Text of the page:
tired exhausted man rubbing his eyes. fatigue and overworking concept. portrait of a young brunet guy on light background.

Stress and Testosterone

We all joke around about being under stress, but, as you’ll see below, it’s really not that funny. There are many definitions of stress, but here I am primarily talking about the kind of stress that produces elevated cortisol levels. When you are under stress, your body releases increased levels of adrenaline and other “fight or flight” hormones and chemicals.  The adrenaline does a certain amount of damage, raising pulse rates and blood pressure (especially in Type A personalities).  But it is the cortisol that comes shortly after that does the most devastating long term damage.

Many people have trouble understanding what really causes stress and elevated cortisol levels.  Yes, a death in the family, a divorce – those things can cause stress.  But it is really your reaction to these events that produces what I will call “true stress”, i.e. elevated cortisol levels.

Let’s start with one counterintuitive example: depression.  You would expect that depression would actually mute or numb any hormonal response, right?  But it’s actually quite the opposite.  One study found that the cortisol levels of the depressed individuals were 68% higher than those without depression. [1]  That same study found that testosterone, both nighttime and 24-hour, were significantly lower in these individuals and were negatively correlated with cortisol levels.  To put it directly:  the higher the cortisol, the lower the testosterone. Other studies have verified similar findings. [14]

So how does stress lower testosterone?  Most of the research in this area was done through Population Council endocrinologist Matthew Hardy and his work on rats.  He and his teams found out how stress lowers your testosterone:  through a tricky little enzyme called 11 HSD-1. [8] Your body produces most of its testosterone in the Leydig Cells of the testes and this enzyme keeps cortisol, the primary stress hormone, from pushing down your androgens.  It literally puts the brakes on cortisol from destroying your testosterone.  However, in times of stress, there is simply too much cortisol versus 11 HSD-1 and this leads to a decrease in your testosterone production.  Of course, anything that lowers testosterone is bad for fertility.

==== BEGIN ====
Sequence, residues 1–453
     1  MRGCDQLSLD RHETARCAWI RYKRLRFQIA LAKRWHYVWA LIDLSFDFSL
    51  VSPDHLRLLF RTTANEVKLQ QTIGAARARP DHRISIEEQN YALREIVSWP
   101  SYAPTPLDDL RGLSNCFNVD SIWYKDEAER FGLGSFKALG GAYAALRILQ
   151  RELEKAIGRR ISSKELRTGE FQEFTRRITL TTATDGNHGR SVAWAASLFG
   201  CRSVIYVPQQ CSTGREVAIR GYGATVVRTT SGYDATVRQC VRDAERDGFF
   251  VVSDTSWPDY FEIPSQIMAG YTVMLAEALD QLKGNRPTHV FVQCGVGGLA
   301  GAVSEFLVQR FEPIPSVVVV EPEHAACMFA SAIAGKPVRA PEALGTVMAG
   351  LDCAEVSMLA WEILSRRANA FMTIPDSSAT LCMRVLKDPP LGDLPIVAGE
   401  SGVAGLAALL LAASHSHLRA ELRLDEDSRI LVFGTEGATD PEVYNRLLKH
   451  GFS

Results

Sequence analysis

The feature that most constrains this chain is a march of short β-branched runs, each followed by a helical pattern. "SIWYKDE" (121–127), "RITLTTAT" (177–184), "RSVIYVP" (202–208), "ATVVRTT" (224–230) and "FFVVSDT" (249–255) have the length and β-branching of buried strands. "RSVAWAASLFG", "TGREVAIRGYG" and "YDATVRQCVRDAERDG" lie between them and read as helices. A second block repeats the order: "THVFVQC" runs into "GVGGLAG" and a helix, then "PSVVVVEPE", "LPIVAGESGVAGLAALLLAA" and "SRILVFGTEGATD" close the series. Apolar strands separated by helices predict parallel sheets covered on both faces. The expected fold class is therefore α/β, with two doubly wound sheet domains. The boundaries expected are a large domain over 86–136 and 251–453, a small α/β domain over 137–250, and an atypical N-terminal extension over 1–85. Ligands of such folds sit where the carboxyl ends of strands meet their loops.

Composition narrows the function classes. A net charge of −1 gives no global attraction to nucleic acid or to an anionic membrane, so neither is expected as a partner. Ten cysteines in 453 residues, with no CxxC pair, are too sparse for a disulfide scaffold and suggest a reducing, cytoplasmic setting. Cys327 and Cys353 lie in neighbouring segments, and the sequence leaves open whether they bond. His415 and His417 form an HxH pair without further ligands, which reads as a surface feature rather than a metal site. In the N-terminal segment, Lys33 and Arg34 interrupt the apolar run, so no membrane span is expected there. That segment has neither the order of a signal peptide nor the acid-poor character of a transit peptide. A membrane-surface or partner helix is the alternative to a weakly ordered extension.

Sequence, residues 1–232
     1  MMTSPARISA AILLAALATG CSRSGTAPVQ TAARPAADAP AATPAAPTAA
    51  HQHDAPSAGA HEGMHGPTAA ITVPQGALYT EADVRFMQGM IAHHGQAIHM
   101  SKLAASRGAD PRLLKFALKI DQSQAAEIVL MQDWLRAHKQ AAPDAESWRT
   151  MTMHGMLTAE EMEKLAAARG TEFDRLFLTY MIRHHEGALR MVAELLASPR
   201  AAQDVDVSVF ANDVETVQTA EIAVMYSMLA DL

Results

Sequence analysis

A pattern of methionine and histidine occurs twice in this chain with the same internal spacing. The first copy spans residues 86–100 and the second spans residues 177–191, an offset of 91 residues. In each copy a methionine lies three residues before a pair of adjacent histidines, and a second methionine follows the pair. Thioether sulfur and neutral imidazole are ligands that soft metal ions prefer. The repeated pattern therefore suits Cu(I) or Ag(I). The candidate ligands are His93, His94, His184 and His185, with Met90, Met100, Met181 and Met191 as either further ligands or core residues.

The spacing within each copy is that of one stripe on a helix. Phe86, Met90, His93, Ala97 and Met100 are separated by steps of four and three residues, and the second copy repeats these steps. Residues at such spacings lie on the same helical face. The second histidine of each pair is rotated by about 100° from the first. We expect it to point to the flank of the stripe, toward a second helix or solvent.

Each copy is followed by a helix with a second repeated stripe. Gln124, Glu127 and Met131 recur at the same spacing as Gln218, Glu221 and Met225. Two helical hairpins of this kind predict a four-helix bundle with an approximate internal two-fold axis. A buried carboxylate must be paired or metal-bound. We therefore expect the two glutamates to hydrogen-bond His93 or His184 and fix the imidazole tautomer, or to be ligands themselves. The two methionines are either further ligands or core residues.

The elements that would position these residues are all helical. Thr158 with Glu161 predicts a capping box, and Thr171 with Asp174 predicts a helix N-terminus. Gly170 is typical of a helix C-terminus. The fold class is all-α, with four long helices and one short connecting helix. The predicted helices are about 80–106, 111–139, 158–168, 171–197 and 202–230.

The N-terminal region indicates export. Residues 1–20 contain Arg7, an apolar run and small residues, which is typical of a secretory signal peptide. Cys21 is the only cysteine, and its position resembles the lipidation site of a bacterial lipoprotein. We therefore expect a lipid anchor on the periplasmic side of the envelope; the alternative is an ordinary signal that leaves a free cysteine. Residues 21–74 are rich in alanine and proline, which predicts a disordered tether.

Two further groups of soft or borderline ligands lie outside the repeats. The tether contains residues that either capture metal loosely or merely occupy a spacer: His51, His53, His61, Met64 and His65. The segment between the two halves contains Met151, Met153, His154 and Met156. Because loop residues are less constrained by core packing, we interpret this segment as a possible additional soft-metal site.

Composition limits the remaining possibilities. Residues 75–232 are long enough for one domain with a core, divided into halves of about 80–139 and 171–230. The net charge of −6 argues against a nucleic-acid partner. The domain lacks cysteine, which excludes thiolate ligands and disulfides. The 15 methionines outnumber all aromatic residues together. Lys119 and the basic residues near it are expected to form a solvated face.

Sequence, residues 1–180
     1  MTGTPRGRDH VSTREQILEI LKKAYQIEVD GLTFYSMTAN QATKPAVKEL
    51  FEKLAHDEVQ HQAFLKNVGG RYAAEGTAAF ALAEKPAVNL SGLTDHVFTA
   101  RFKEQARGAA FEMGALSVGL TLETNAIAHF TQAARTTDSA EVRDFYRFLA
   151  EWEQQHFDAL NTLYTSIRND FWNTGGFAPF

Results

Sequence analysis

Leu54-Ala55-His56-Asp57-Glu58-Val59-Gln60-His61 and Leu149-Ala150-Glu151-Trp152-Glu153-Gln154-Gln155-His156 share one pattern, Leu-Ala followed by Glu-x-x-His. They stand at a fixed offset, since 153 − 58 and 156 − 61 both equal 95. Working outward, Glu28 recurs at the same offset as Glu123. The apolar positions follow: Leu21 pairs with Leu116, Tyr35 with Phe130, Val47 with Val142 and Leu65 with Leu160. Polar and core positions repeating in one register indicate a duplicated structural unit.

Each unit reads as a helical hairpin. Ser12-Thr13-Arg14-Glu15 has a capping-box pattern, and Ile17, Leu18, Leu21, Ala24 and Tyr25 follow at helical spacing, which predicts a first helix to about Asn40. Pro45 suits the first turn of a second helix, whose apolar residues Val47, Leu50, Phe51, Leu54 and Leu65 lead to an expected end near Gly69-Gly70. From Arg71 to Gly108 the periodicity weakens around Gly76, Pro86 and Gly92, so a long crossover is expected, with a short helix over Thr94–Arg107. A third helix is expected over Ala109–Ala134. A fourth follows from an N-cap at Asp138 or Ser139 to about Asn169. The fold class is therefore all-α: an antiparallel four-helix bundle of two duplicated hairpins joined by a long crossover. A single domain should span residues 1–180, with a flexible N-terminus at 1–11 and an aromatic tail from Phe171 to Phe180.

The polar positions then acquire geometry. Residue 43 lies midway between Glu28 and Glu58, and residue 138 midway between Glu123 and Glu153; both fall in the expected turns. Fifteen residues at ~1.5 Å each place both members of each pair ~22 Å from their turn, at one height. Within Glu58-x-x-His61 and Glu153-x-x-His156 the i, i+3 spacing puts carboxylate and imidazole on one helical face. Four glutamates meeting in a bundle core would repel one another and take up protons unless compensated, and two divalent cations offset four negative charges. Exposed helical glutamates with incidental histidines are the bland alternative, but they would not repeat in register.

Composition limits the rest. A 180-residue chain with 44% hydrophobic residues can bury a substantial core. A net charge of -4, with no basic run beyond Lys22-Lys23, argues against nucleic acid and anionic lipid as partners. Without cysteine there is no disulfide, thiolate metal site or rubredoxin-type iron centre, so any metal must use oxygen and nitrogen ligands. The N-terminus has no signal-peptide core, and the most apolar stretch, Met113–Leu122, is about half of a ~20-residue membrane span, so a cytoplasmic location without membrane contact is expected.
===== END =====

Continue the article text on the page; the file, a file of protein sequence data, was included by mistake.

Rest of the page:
This means that stress does not just lower testosterone through adverse lifestyle changes, but directly through chemical pathways in the gonads. Of course, stress can also indirectly affect testosterone through “back door” means as well.  For example, it causes us to overeat and a high glycemic load can will cause testosterone levels to drop within a few hours of a meal.  Likewise, weight gain from the extra “comfort” eating can lead to lowered baseline testosterone levels in the long term.

The bottom line is that, for the sake of your hormone levels, you’ve got to take seriously the goal of minimizing stress in your life. There are other reasons as well:  read my links on Stress and Erectile Dysfunction and Stress and Your Brain for more information.
So how can you combat stress?  Are there any practical solutions? Please read my link on Practical Stress Management Solutions for solutions based on the latest research.
CAUTION:  It looks like a little stress may be a good thing. Researchers have found that mild stress resulting from an “enriched social, physical and mental environment” ends up decreasing leptin levels. [13]  Leptin was once considered a “good boy” hormone, because it decreases appetite and has other positive effects.  However, leptin also causes cancer to thrive and grow and was linked to increased risk of colon and skin cancer.

1) Psychosomatic Med,1999, 61:292-296

2) Psychiatry Res: Neuroimaging,2003,(154)2:191-198

3) Semin Clin Neuropsychiatry,2001 Jan,6(1):27-31

4) J Neurosci,1999,19:5034-5043

5) Int J Sports Med,Oct 2001,22(7):537-43

8) J Androl, 1997, 18:475-4791997, 18:475-479

9) Obesity (Silver Spring), 2009 Aug, 17(8):1513-20. Epub 2009 Mar 26, “Social stress, visceral obesity, and coronary artery atherosclerosis in female primates”

10) BMJ 2002, 325:857, “Work stress and risk of cardiovascular mortality: prospective cohort study of industrial employees”

11) European Heart Journal, Advance Access published online on January 23, 2008, “Work stress and coronary heart disease: what are the mechanisms?”, Received 1 August 2007; revised 14 November 2007; accepted 22 November 2007.

12) Obesity, 2008, 17(1):72 77, “Acute Stress-related Changes in Eating in the Absence of Hunger”

13) “Stress of An Enriched Environment Might Curb Cancer Growth”, eScienceNews, 7/8/2010

14) CELLULAR AND MOLECULAR LIFE SCIENCES, 1981, 37(12):1296-1297, “The relationship between high and low trait psychological stress, serum testosterone, and serum cortisol”

Share this post

Share on facebook
Share on google
Share on twitter
Share on linkedin
Share on pinterest
Share on print
Share on email